Mom Of Cross-Border Shooting Victim 'Still Waiting For Victory'


The Supreme Court had ruled in United States v. Verdugo-Urquidez in 1990 that the Constitution provides non-citizens no protection against unreasonable searches and seizures by government agents beyond the US border.

An appellate court ruled in 2014 that Mesa could be sued in his individual capacity although the American agencies could not.

It also held that because Hernandez was not on USA soil when he was shot, the department had no jurisdiction to bring charges against the agent.

The Los Angeles Times reported in February 2014 that an independent internal audit commissioned by Customs and Border Protection, which tried to keep it secret, had found 67 cases of Border Patrol agents firing at Mexicans from January 2010 to October 2012.

The Supreme Court declined to rule on the broader case overall, ordering the lower appeals court to reconsider the case against certain legal points that were not weighed the first time around. "When they draw their weapons and aim across our border, they now know that this is not a free-killing zone".

Claiming he was the target of rock throwers, Mesa - who was standing on the US side - pulled his handgun and shot 15-year-old Sergio Hernandez Guereca in the head as he peeked out from behind a concrete pillar on the Juarez side of the global culvert.

Mesa shot and killed Hernandez in a concrete-lined ditch bed of the Rio Grande river, which separates El Paso, Texas, from Ciudad Juarez, Mexico. Hernandez and the others ran back to the Mexican side of the culvert and hid.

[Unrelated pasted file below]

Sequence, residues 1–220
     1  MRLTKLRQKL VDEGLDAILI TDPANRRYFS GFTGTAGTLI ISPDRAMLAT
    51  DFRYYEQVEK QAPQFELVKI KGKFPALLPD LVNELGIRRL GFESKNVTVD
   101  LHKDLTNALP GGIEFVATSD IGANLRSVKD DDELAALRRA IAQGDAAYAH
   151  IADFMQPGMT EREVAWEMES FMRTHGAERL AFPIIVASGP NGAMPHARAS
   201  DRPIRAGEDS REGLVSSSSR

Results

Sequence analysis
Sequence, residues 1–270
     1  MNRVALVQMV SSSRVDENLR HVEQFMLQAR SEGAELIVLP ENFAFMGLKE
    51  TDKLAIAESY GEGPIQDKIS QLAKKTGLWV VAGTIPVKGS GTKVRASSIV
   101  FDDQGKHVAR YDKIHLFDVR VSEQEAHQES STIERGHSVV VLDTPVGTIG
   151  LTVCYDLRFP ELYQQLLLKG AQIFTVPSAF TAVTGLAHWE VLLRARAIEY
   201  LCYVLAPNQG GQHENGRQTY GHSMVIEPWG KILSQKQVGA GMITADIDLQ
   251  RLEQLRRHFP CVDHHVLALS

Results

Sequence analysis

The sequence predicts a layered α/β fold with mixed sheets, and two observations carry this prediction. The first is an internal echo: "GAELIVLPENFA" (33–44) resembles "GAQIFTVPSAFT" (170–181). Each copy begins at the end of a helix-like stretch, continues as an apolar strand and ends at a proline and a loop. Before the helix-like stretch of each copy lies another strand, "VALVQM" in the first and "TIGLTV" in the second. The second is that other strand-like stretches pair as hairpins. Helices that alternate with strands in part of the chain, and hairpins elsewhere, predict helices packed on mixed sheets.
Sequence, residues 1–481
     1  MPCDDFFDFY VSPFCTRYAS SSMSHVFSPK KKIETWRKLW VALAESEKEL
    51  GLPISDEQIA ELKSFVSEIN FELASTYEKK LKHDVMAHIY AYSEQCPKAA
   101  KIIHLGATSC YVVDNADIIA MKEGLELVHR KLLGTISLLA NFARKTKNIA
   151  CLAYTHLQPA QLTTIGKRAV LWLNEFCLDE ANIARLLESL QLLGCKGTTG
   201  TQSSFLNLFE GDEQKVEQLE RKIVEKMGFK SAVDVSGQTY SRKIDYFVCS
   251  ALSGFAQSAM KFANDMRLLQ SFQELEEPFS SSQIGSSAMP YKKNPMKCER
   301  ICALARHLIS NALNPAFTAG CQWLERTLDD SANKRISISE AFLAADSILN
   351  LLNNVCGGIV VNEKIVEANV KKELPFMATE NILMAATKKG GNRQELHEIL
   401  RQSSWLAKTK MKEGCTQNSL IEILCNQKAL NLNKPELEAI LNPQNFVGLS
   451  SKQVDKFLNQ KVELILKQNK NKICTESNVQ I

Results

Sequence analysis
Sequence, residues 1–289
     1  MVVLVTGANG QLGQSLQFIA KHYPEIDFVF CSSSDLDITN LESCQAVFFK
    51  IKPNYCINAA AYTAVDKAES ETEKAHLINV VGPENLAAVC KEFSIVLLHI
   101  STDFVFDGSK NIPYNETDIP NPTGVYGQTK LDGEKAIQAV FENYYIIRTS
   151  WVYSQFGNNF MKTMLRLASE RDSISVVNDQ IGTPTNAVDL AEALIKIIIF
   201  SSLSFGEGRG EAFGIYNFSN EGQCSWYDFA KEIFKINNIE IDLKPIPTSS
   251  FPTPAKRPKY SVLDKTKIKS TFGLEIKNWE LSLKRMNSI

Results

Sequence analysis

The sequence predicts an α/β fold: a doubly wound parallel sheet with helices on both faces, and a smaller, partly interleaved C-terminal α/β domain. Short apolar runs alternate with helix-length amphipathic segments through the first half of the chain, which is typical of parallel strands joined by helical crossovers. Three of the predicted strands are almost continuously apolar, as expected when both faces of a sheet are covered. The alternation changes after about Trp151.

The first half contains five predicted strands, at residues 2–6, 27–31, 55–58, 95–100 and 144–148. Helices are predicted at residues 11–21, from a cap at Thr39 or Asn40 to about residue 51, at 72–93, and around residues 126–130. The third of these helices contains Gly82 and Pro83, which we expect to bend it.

The Supreme Court said the lower court made a mistake when it found Mesa had qualified immunity.

The El Paso Times reports ( ) Border Patrol Agent Lorenzo Hernandez told authorities he was helping his mother at her food truck June 9 when the men asked for a ride, saying their auto broke down.

The U.S. Supreme Court has returned to a federal appeals court a case that claims constitutional protections for a Mexican teen shot and killed by a U.S. border patrol agent. While he may have had a Fifth Amendment claim, the circuit court said Mesa enjoyed qualified immunity for his actions.

Hernandez had been arrested twice in the US for human smuggling and released because he was a juvenile, but the agent didn't know that when he shot him under the left eye.

The United States Supreme Court vacated the opinion of Fifth Circuit and sent the case back to consider issues the Fifth Circuit did not address regarding Hernandez's right to sue. "What else needs to be discovered to further the analysis and the facts?'" Hayes said.

Robert Hilliard, an attorney representing Sergio's family, said after the Supreme Court's decision that he is eager to return to the appeals court to argue the case before the 5th U.S. Circuit Court of Appeals. This decision affirms that the right to life is the single most fundamental human right and protecting it is paramount in our society.